What is Backup Withholding?

graphic of what is backup withholding, illustration hands holding pen using calculator

Originally Posted: August 29, 2017
Last Updated: January 24,2018

Backup withholding requires the payer to withhold taxes from income that’s not usually subject to withholding. For example, you may have to withhold tax from an independent contractor and report it on their Form 1099-MISC.

Backup withholding is a flat rate of 24% as of tax year 2018, and you’ll report it on Form 945.

When Does Backup Withholding Apply?

An independent contractor must give you their taxpayer identification number (TIN) for any work they do for you. If you provide them with Form W-9, they can easily give you their TIN.

There are several reasons you might have to begin backup withholding:

  • The contractor refuses or neglects to provide their TIN;
  • The IRS notifies you that the contractor’s TIN was incorrect;
  • The IRS notifies you to start withholding on any interest or dividends because of underreported earnings; or
  • The contractor failed to certify that they’re no longer subject to backup withholding.

How Should I Begin Backup Withholding?

If the TIN is incorrect, the IRS will send you a CP2100 or CP2100A notice with a list of incorrect names and TIN for your submitted Forms 1099.

If you didn’t file a 1099 with the TIN in question, the notice could have been sent because of an SSA records update, an error in the information you submitted, or an IRS processing error. Correct and update your records, but don’t begin backup withholding, if necessary.

If you received a notice for a missing TIN or a TIN you have on file, begin backup withholding within 30 business days. Stop withholding within 30 business days of receiving the contractor’s correct TIN or TIN validation.

A Missing TIN

If the notice tells you there’s a missing TIN, start withholding immediately (if you haven’t already) and continue withholding until you receive the contractor’s TIN. You must make three requests for their TIN: an initial request, a first annual request, and a second annual request.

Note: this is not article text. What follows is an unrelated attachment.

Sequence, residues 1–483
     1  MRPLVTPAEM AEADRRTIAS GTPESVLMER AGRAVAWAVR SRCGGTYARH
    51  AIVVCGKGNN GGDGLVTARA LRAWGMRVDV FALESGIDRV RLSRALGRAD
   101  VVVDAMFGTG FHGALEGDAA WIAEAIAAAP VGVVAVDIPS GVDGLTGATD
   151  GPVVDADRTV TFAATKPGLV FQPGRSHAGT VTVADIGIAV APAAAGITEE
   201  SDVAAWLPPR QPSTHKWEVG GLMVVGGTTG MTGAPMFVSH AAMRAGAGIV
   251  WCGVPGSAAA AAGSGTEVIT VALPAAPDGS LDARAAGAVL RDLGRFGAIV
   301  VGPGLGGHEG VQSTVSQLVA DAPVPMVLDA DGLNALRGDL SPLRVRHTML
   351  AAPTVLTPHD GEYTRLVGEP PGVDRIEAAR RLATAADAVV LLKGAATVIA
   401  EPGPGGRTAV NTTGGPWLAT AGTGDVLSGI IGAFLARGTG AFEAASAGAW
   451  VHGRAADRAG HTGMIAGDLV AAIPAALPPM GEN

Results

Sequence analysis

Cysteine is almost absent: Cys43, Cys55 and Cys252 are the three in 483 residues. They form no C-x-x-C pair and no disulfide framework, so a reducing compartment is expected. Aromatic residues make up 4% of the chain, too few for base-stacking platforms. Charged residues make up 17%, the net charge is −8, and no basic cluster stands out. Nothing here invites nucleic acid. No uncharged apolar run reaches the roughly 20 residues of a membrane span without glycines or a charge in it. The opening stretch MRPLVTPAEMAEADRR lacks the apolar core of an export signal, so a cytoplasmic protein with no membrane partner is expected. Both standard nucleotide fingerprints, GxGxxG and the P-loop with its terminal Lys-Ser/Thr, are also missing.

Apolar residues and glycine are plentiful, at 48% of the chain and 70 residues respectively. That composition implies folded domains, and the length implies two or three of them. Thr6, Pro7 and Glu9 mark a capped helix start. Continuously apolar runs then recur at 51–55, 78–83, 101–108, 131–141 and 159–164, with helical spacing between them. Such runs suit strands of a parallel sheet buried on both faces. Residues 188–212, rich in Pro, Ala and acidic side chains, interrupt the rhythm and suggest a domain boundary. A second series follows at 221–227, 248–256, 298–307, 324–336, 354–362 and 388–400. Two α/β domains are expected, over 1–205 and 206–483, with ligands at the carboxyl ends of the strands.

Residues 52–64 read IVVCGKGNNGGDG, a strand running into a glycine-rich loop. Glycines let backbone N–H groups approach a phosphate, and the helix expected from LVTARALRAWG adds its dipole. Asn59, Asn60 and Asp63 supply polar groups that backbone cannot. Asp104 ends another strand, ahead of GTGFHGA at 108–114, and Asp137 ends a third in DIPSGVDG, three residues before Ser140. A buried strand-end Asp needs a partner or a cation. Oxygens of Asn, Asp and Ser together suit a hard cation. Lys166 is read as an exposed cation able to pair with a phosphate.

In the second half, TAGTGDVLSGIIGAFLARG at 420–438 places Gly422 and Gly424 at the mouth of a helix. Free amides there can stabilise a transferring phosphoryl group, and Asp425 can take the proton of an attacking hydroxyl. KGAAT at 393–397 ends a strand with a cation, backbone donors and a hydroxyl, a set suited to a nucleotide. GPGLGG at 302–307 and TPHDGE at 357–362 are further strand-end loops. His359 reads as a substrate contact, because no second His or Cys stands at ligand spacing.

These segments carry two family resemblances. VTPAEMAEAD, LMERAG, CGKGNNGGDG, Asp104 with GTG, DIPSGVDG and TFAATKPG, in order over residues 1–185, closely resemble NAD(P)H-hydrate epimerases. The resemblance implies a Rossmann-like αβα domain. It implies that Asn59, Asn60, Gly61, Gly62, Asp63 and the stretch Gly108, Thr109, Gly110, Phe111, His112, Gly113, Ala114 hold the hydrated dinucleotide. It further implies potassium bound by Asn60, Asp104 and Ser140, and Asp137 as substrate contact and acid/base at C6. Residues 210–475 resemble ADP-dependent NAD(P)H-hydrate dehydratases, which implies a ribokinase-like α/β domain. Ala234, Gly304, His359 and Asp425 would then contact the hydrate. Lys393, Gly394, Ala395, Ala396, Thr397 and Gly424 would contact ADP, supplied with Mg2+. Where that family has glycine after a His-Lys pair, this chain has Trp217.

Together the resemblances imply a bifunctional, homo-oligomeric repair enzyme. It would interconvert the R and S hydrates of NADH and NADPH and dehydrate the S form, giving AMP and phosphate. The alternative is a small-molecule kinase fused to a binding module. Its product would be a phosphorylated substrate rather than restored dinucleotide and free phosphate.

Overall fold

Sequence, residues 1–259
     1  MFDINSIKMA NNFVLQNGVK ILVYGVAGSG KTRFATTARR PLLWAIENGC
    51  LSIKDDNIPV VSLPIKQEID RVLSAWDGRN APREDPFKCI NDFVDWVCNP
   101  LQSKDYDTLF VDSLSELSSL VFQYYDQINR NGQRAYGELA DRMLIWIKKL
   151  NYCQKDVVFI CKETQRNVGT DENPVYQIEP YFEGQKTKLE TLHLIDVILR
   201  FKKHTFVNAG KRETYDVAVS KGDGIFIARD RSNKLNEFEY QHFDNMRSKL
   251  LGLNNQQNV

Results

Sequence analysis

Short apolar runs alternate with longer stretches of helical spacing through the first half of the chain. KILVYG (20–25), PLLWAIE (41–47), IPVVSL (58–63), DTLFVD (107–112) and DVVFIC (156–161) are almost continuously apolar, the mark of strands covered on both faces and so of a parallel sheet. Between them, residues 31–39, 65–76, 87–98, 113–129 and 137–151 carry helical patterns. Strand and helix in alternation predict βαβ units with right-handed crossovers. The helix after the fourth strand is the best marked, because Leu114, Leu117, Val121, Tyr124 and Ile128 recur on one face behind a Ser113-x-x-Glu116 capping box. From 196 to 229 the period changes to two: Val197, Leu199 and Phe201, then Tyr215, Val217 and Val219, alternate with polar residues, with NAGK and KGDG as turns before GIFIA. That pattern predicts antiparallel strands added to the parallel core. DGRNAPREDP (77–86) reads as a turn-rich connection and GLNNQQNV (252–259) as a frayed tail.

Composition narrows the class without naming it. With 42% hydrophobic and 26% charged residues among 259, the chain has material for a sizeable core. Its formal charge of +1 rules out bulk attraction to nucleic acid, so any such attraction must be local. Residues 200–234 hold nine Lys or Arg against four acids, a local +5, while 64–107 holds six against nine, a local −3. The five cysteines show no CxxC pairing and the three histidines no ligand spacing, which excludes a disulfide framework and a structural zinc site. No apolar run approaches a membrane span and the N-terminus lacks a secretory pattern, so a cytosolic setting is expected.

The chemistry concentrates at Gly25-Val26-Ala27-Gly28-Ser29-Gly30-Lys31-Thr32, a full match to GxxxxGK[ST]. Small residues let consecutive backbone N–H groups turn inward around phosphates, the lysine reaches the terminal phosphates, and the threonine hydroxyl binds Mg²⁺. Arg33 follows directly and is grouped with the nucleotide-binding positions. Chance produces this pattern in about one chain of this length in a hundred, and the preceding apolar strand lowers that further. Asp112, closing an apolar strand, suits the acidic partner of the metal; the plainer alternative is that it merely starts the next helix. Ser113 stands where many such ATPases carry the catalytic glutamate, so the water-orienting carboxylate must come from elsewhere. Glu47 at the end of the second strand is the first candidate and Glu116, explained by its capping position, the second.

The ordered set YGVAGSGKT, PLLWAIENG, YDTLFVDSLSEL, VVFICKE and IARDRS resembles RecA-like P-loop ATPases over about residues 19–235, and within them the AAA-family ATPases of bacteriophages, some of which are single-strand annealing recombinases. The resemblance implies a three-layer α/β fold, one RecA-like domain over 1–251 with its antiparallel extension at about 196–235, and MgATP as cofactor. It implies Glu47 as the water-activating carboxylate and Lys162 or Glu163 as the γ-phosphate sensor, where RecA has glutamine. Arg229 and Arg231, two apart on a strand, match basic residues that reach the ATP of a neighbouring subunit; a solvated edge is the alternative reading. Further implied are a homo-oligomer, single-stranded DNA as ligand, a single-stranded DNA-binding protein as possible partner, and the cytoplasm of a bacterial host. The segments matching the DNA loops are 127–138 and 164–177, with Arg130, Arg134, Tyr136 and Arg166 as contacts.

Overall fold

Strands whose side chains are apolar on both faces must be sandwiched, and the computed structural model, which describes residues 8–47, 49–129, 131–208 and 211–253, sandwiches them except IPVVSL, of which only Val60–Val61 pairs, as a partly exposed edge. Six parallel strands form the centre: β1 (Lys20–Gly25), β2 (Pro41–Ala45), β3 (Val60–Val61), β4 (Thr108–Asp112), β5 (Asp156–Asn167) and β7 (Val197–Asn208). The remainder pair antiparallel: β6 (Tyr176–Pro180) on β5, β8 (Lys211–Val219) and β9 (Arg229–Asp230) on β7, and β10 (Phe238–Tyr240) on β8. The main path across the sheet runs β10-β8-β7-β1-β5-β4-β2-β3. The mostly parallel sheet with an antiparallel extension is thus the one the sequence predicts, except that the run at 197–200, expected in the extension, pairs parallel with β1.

The contractor should provide their TIN when you first pay them, but if they don’t, make the first annual request for their TIN by December 31 of the year your relationship begins (if it begins before December) or by January 31 of the next year (if the relationship begins during December).

If they still don’t give you their TIN, make a second annual request by December 31 of the year after your relationship begins.

An Incorrect TIN

If the IRS notice tells you there’s an incorrect TIN, you’ll send the contractor the appropriate “B” notice.

If you have to send a “B” notice to the contractor, you must send the first notice and a W-9 within 15 days of the date on the IRS notice or the date you received the IRS notice, whichever is later. Make sure you clearly mark the outside of the envelope with “Important Tax Information” or “Important Tax Return Document Enclosed.”

If the contractor returns the W-9 with the information you had on record, keep the W-9 to show that the contractor verified the name and TIN combination and don’t begin withholding.

You’ll send a second “B” notice if you receive a second notice from the IRS within three years. The second notice instructs the contractor to contact the IRS and Social Security Administration (SSA) to obtain the correct name and TIN combination and doesn’t include a W-9. After the second notice, you’ll receive validation that the name and TIN are correct from the IRS/SSA.

If you receive two notices from the IRS within the same calendar year, only send the first “B” notice.

If you receive a notice for a contractor you no longer do business with, you’ll still send the contractor a “B” notice. The IRS requires you to track accounts for three years after the first notice.

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